August 21, 2007

Levin Demands New Iraqi Government

In what appears to be the new Democratic strategy to end the war, Senator Carl Levin has declared Nouri al-Maliki and his government "non-functional" and demanded that the Iraqi National Assembly replace them immediately. The focus on Maliki as the ultimate villain comes as other Democrats concede that the military has made real progress on Iraqi security with the surge:

Declaring the government of Iraq "non-functional," the influential chairman of the Senate Armed Services Committee said yesterday that Iraq's parliament should oust Prime Minister Nouri al-Maliki and his cabinet if they are unable to forge a political compromise with rival factions in a matter of days.

"I hope the parliament will vote the Maliki government out of office and will have the wisdom to replace it with a less sectarian and more unifying prime minister and government," Sen. Carl M. Levin (D-Mich.) said after a three-day trip to Iraq and Jordan.

Levin's statement, the most forceful call for leadership change in Iraq from a U.S. elected official, comes as about two dozen lawmakers are traveling to Iraq during Congress's August break to glean firsthand assessments before receiving a progress report next month from Gen. David H. Petraeus, the U.S. commander there, and Ryan C. Crocker, the U.S. ambassador.

Not every Democrat has come back from Iraq supporting a drawdown of U.S. forces in the coming months, as party leaders have advocated. Staking out positions that could complicate efforts to achieve party unity in September, a few Democratic lawmakers have returned expressing support for a continued troop presence. One of them, Rep. Brian Baird (Wash.), said yesterday that he will no longer vote for binding troop withdrawal timelines.

This isn't exactly goalpost-shifting, but it comes close. The surge intended to give the Iraqi government some breathing room from violence to institute reforms -- reforms demanded by the US, specifically Congress. Progress on those reforms has been slow, and the August recess of the Iraqi parliament has annoyed many in both parties here.

However, the Iraqi Prime Minister has made some recent steps towards building the kind of coalition that could produce those reforms. He has dumped Moqtada al-Sadr in favor of Sadr's opponents in the south, who have been more amenable to better sectarian relations than the Mahdi Army leader. He convinced that group, the Islamic Council, to sign a compact of cooperation with the Kurds. Maliki traveled to Tikrit last week to humble himself before Sunni tribal leaders in Saddam Hussein's former power base, and apparently made good progress.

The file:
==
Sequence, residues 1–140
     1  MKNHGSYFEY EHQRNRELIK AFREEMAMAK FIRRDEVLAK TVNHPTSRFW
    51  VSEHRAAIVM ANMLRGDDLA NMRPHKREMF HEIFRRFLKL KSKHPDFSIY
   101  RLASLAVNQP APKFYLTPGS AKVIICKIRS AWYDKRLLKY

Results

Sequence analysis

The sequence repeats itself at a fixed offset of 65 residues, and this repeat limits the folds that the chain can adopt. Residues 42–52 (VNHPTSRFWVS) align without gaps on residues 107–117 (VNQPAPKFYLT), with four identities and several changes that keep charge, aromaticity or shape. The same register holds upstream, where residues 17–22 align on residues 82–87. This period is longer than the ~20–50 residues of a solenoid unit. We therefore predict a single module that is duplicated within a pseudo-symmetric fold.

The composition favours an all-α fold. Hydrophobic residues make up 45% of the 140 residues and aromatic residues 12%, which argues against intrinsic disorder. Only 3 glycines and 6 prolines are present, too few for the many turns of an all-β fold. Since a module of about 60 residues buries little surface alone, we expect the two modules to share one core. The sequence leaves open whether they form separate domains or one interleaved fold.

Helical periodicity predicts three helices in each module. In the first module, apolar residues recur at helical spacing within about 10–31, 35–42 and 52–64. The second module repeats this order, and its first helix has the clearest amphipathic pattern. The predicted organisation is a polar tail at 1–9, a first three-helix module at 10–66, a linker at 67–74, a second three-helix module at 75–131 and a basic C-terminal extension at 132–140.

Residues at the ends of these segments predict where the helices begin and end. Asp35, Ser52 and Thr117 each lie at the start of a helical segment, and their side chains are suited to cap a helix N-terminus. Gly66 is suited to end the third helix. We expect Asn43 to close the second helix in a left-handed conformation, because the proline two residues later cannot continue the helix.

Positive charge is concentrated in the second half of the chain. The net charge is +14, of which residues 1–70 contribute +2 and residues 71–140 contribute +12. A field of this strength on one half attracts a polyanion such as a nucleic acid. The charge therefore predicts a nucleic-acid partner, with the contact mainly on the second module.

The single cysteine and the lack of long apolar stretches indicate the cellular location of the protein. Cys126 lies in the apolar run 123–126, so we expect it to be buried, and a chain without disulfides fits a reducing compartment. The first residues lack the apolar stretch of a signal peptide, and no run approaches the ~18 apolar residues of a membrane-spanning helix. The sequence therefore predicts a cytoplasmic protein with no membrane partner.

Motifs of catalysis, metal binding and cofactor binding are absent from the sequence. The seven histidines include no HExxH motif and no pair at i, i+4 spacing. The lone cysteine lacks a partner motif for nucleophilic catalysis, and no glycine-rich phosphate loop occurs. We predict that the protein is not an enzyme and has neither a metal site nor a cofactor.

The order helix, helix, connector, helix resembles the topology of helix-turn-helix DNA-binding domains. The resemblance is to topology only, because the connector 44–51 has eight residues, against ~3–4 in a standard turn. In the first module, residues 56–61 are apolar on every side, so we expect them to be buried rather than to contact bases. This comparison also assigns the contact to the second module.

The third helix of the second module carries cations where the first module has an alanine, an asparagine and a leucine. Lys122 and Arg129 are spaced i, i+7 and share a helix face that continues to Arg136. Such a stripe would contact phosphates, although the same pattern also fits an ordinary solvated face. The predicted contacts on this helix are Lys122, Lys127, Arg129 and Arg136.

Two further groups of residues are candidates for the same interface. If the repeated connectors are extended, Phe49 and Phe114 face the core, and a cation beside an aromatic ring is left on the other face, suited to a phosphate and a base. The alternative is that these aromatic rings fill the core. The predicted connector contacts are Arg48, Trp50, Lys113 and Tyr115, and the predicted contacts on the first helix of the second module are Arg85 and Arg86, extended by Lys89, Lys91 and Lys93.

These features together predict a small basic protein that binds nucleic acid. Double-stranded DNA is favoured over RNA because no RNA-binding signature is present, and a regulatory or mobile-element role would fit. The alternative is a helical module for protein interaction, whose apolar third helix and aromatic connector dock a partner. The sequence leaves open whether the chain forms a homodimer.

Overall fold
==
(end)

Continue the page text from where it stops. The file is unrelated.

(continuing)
If the National Assembly removed the Maliki government at this point, who would ascend to the PM slot? Ayad Allawi, who couldn't move the government towards reconciliation during his tenure, either? It will have to be someone that the Shi'ite parties will trust to protect their interests -- and simply opening up the spot for contention may energize Moqtada al-Sadr's party, which could easily play a kingmaker role with its significant voting bloc.

And even Democrats admit that the US demand for a replacement would leave the next PM with a reputation for being a US puppet, which is why Allawi couldn't retain any credibility. Maliki at least is seen as mostly being his own man, and even with all his faults, that is a necessity in the region.

The last time the National Assembly had to form a government, it took five months to complete. During that time, Democrats demanded a withdrawal, complaining that the democratic process in Iraq had failed. Toppling Maliki would mean doing that all over again, which would give Democrats the same argument they used the last time if the replacement process took more than a few weeks. Maliki has not been very successful until just now, but in this case he's a red herring, a bit of misdirection for Levin to create another excuse to demand complete and immediate withdrawal.


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A day after I scolded Sen. Carl Levin (D-IL) for an egregious case of speaking out of school, this WaPo article may lead some credibility to a possibility that I mentioned but discounted as very unlikely: that Levin's comments about the Maliki governme... [Read More]

Comments (29)

Posted by hermie | August 21, 2007 6:57 AM